NEW YORK (Reuters) - American Airlines Group Inc AAL.O will cut nearly 25 percent of its flights to Cuba in 2017, a company spokesman said on Thursday, attributing the move to travel demand rather than the election of Republican Donald Trump as U.S. president.
Starting in mid-February, American, the world’s largest airline, will offer one trip a day instead of two from Miami to Holguin, Santa Clara and Varadero, reducing its daily service to 10 round-trip flights from the current 13, spokesman Matt Miller said in a telephone interview.
The airline also hopes to lower capacity on three of the seven routes it operates to Cuba. It plans to use a 128-seat aircraft between Miami and Holguin instead of a 160-seater, and hopes to contract out flights to Camaguey and Cienfuegos to a regional carrier that would use 76-seat aircraft, pending U.S. regulatory approval. The regional partner is Republic Airways Holdings Inc RJETQ.PK.
“This was done purely to remain competitive in the market,” Miller said. “We can’t speculate on what the next administration may do.”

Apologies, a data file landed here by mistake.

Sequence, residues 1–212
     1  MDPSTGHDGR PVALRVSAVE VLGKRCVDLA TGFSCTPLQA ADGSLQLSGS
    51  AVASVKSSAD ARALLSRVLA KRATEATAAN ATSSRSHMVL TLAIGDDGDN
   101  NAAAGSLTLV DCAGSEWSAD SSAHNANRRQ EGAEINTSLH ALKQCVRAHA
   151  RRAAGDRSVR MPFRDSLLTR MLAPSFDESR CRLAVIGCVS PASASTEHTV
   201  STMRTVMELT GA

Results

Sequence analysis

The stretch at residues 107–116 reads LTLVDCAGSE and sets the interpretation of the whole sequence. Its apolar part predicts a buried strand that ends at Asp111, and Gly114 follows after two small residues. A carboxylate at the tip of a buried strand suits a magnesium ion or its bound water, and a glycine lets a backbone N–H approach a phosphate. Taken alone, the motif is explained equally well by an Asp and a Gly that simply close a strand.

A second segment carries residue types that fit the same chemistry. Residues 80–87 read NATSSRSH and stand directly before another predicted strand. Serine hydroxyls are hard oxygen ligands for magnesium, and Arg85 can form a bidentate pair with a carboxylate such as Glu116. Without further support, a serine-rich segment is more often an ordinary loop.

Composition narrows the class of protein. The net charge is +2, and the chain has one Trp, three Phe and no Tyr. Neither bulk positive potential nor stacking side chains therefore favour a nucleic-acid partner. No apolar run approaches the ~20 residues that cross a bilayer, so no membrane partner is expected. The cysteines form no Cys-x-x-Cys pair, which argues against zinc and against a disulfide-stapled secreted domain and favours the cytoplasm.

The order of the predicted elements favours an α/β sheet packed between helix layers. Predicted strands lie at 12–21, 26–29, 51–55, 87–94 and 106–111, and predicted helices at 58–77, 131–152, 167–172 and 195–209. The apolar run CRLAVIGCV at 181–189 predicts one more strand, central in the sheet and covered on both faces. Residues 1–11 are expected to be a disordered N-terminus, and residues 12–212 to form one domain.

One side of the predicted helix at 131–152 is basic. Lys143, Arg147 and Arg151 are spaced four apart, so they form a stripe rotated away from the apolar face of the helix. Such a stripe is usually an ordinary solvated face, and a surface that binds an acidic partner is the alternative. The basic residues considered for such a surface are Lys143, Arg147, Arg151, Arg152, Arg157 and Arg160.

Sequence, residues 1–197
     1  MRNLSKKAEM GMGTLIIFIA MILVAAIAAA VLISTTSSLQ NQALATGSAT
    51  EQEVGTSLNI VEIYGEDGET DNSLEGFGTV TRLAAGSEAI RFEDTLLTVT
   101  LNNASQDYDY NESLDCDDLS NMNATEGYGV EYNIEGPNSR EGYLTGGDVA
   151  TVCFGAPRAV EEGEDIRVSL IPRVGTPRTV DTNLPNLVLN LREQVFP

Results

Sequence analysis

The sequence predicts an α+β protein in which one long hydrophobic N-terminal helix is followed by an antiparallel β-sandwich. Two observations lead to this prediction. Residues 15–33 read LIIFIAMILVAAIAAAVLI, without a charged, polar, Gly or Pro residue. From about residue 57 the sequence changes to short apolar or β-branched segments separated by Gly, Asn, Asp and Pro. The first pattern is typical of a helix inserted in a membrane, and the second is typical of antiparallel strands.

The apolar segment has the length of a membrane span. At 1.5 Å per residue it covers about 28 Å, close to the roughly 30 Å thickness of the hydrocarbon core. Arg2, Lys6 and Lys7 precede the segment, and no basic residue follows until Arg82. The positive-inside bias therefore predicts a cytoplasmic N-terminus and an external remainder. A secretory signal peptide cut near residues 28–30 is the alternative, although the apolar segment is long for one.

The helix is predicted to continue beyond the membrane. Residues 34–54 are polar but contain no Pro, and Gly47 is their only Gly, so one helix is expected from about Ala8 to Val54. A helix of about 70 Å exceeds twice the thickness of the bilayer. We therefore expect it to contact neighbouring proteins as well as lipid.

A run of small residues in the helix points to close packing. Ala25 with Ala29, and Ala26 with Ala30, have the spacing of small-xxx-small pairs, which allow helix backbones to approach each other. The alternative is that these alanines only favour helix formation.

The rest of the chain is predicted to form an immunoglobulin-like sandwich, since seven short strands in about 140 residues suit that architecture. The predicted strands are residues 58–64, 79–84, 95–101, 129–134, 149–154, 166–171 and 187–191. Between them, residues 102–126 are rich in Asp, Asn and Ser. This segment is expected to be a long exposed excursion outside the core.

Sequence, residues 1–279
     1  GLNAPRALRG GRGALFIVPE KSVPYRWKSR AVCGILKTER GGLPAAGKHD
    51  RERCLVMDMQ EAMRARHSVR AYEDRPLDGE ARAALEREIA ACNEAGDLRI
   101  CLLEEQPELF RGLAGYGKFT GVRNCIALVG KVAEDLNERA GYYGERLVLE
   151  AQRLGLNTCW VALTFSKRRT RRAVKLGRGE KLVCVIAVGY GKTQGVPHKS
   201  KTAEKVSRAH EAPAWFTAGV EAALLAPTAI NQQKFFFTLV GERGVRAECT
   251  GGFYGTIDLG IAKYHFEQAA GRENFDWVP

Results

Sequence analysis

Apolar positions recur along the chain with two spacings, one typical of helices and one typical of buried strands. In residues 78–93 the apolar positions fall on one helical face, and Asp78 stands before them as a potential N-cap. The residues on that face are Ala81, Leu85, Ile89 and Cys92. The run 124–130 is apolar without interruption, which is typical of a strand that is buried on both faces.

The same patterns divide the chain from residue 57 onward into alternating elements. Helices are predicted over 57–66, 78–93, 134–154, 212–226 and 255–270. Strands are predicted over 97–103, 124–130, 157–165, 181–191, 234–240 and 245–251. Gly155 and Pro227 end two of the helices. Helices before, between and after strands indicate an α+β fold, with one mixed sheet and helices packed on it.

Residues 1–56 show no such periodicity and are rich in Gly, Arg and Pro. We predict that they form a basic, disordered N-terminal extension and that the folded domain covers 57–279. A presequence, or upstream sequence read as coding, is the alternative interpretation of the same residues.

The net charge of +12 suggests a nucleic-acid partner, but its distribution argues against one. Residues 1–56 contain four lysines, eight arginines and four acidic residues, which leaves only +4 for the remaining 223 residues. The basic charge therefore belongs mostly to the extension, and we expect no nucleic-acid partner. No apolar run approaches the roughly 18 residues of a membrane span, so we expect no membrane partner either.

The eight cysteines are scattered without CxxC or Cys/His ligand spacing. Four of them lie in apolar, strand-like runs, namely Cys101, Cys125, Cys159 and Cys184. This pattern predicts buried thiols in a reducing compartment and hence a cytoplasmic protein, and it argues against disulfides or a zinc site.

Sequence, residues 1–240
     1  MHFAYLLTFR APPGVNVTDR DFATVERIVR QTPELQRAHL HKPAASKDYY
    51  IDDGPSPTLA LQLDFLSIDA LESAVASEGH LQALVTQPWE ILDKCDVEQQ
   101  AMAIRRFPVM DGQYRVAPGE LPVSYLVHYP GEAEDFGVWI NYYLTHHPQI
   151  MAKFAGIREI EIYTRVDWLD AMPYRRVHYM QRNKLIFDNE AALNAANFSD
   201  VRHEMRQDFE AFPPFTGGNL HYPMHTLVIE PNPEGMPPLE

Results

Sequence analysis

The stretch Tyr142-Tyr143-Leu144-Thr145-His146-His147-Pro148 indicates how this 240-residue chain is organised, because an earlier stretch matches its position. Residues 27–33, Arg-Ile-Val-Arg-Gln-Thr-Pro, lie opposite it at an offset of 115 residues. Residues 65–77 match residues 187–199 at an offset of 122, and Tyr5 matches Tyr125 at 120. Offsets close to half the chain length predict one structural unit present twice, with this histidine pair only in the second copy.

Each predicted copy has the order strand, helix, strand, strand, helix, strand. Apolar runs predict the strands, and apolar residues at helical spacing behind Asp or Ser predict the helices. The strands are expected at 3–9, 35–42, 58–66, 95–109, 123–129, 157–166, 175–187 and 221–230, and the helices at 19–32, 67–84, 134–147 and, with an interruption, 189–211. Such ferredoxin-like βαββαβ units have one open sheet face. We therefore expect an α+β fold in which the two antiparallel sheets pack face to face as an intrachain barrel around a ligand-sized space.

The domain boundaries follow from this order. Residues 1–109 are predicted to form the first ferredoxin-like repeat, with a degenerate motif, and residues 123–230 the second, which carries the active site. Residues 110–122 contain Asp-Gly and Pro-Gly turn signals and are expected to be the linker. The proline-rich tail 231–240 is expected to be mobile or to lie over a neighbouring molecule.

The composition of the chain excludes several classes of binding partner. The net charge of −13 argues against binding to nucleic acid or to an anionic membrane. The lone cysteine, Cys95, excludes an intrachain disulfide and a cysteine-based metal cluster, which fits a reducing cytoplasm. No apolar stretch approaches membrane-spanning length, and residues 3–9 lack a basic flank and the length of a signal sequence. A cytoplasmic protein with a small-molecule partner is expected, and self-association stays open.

Airlines are generally expected to perform poorly when entering a previously restricted market, but American’s decision to prune its Cuban itinerary two months after starting service may come as a surprise in light of the industry’s enthusiasm to fly to the Communist-run island.
“If American can’t earn the profit that it requires from these routes, they’re going to cut back on the flying. It’s as simple as that,” said Henry Harteveldt, founder of the travel consultancy Atmosphere Research Group.
Trump, who takes office on Jan. 20, threatened on Monday to end the recent rapprochement between the United States and its former Cold War foe unless Havana was willing to “make a better deal for the Cuban people, the Cuban/American people and the U.S. as a whole.”.
The United States and Cuba began normalizing relations in December 2014 after 18 months of secret talks and have since restored full diplomatic ties.
They reached a memorandum of understanding that allowed U.S. airlines to start scheduled flights to Cuba this year after a half-century hiatus. President Barack Obama’s administration has eased travel restrictions for U.S. citizens, although general tourism remains illegal.
Republican leaders in the U.S. Congress oppose ending the decades-long trade embargo against Cuba.
Additional reporting by Jeffrey Dastin in New York; Editing by Peter Cooney and Tom Hogue
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